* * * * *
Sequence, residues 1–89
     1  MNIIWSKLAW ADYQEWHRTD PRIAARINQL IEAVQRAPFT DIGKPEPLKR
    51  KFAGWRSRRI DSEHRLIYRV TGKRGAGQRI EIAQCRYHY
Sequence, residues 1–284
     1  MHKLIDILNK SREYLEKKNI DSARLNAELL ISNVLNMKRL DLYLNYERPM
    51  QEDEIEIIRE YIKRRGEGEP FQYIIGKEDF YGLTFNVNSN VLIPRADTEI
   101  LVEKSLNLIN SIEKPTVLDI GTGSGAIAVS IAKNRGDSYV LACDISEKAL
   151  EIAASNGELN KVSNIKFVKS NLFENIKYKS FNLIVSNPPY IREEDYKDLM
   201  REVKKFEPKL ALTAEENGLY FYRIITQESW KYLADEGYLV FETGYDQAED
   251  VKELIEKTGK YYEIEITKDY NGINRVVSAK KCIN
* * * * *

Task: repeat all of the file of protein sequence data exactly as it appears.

Sequence, residues 1–89
     1  MNIIWSKLAW ADYQEWHRTD PRIAARINQL IEAVQRAPFT DIGKPEPLKR
    51  KFAGWRSRRI DSEHRLIYRV TGKRGAGQRI EIAQCRYHY
Sequence, residues 1–284
     1  MHKLIDILNK SREYLEKKNI DSARLNAELL ISNVLNMKRL DLYLNYERPM
    51  QEDEIEIIRE YIKRRGEGEP FQYIIGKEDF YGLTFNVNSN VLIPRADTEI
   101  LVEKSLNLIN SIEKPTVLDI GTGSGAIAVS IAKNRGDSYV LACDISEKAL
   151  EIAASNGELN KVSNIKFVKS NLFENIKYKS FNLIVSNPPY IREEDYKDLM
   201  REVKKFEPKL ALTAEENGLY FYRIITQESW KYLADEGYLV FETGYDQAED
   251  VKELIEKTGK YYEIEITKDY NGINRVVSAK KCIN